Confirmation and overclaiming of aerial victories during World War II
In aerial warfare, the term overclaiming describes a combatant (or group) that claims the destruction of more enemy aircraft than actually achieved. The net effect is that the actual losses and claimed victories are unequal.
Honest overclaiming typically occurs in one of two ways: (1) more than one fighter pilot attacks the same target in quick succession and when they see it destroyed each claims a victory in good faith, and (2) a target is hit and appears to go down, but the pilot is able to land the plane. In some instances of combat over friendly territory a damaged aircraft may have been claimed as an aerial victory by its opponent while the aircraft was later salvaged and restored to an operational status. In this situation the loss may not appear in the records while the claim remains confirmed.
Most discussion of overclaiming centers on air combat during World War II, because of the significant amount of air combat relative to conflicts before or since.
German methodology for confirming aerial victories
The Luftwaffe had, at least in theory, a very stringent approval process for the confirmation of aerial victories.
- Without a witness, a Luftwaffe fighter pilot had no chance to have his victory claim confirmed. Such a claim, even if filed, would not pass beyond group level.
- The final destruction or explosion of an enemy aircraft in the air, or bail-out of the pilot, had to be observed either on gun-camera film or by at least one other human witness. The witness could be the German pilot's wingman, another in the squadron, or an observer on the ground.
In practice, however, even in the early stages of the war, overclaiming by the Luftwaffe occurred. As the war entered its final, chaotic phase in 1945, many German aces' claims from late 1944 onward were left unvalidated due to the breakdown in administration within the Luftwaffe, and at times bore little relationship to reality.
In the 1990s, the German archives made available microfilm rolls of wartime records, not seen since January 1945, available to the public. These showed that while in theory the Luftwaffe did not accept a kill without a witness, which was considered only a probable, in practice some units habitually submitted unwitnessed claims and these sometimes made it through the verification process, particularly if they were made by pilots with already established records. In theory the Luftwaffe did not accept shared claims, but it happened. In theory each separate claim should have referred to a particular aircraft, but in practice some victories were awarded to other pilots who had claimed the destruction of the same aircraft. In 1943 the daily OKW communiques of this period habitually overstated American bomber losses by a factor of two or more. Defenders of German fighter pilots have always maintained that these were reduced during the confirmation process. But the microfilms prove this not to be the case. Some 80 - 90 percent of the claims submitted were confirmed or found to be "in order" for confirmation up to the time the system broke down altogether in 1945.
Examples of overclaiming
|18 December 1939||Luftwaffe and Royal Air Force||During the Battle of the Heligoland Bight German fighters claimed 38 Vickers Wellington bombers shot down. Actual British losses were 12 of the 22 bombers on the raid. The bombers gunners claimed 12 German fighters but just three were recorded as shot down.|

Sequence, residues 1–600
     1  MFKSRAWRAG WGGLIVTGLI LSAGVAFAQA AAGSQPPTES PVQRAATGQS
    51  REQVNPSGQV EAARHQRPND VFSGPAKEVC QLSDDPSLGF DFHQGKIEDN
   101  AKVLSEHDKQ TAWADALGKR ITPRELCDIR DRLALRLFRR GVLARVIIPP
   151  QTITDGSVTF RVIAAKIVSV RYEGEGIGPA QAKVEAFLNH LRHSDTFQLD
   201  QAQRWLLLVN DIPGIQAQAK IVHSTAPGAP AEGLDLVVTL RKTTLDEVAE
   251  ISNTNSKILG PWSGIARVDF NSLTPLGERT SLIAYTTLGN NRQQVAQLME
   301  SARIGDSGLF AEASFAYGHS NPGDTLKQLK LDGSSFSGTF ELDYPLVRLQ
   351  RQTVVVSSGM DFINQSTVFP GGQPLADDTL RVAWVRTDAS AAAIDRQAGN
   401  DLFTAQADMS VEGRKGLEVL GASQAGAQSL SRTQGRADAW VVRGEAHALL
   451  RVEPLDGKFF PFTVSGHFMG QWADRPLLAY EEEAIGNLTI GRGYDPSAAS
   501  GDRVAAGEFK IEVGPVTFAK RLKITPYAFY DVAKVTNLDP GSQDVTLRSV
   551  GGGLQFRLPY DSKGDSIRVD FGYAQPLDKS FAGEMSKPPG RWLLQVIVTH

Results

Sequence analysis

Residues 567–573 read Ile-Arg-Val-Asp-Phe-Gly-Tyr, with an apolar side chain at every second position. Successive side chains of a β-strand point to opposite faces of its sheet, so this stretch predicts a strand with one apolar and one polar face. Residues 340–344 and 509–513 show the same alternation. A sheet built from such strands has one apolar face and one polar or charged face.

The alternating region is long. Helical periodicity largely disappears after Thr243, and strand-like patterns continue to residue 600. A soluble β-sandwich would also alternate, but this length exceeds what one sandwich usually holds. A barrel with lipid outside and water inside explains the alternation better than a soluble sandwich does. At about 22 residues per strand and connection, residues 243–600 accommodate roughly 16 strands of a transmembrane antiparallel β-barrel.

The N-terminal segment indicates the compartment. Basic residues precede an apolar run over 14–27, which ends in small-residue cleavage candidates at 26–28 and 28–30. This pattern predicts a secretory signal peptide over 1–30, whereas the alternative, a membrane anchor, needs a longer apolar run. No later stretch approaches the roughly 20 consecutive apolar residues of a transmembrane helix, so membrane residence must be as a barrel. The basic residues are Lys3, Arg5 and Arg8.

|10 July 1940||Luftwaffe||III./ZG 76 claimed 12 Hawker Hurricanes. The RAF lost just one Hurricane that day, in a collision with a Dornier Do 17|
|13 July 1940||Royal Air Force||No. 56 Squadron RAF claimed seven Ju 87s from Sturzkampfgeschwader 1 destroyed over Portland. StG 1 recorded the loss of only two Ju 87s shot down.|
|12 August 1940||Luftwaffe||The Germans claimed 22 British aircraft destroyed, actual British losses were 3. In one engagement Bf 109s from JG 2 claimed six RAF fighters, while bombers from KG 54 claimed 14. Only one fighter was shot down and six damaged.|
|18 August 1940||Luftwaffe||The Germans claimed 147 British aircraft destroyed, actual recorded British losses were 68.|
|15 September 1940||Royal Air Force||On the day termed as "the Battle of Britain Day", the RAF claimed 185 German aircraft shot down. German recorded losses were 60.|
|1940||Luftwaffe||Overall, German claims for British fighters destroyed during the Battle of Britain was 3,058 against recorded losses of 915 - 334% overclaiming, compared with RAF overclaiming of about 155%. This, coupled with underestimation of British production, had severe intelligence repercussions.|
|June 1941 - December 1941||Soviet Air Force||The Soviet Air Forces of the South Western Front claimed 85 Bf 109s. A further 53 were claimed by anti-aircraft units in October and another 54 in November. Only 31 Bf 109s were recorded as lost by the Luftwaffe in this period. VVS claims on the Eastern Front amount to 3,879, anti-aircraft units claimed 752, and a further 3,257 were claimed destroyed on the ground. The Luftwaffe reported the loss of 3,827 aircraft to all causes on the Eastern Front in 1941. The VVS overclaiming more than 100%.|
|June 1941 - December 1941||Royal Air Force||During this period RAF Fighter Command launched a sustained 'fighter offensive' over Northern Europe, designed to tie down Luftwaffe fighter units, and hence indirectly take pressure off the Eastern Front, and to hopefully draw those Luftwaffe units encountered into a war of attrition. Fighting exclusively over enemy territory, and thus usually unable to accurately verify their pilot's combat reports, Fighter Command claimed 711 Luftwaffe fighters shot down, while losing 411 of its own fighters. The loss to JG 2 and JG 26, the principal opponents, were reportedly just 103 fighters.|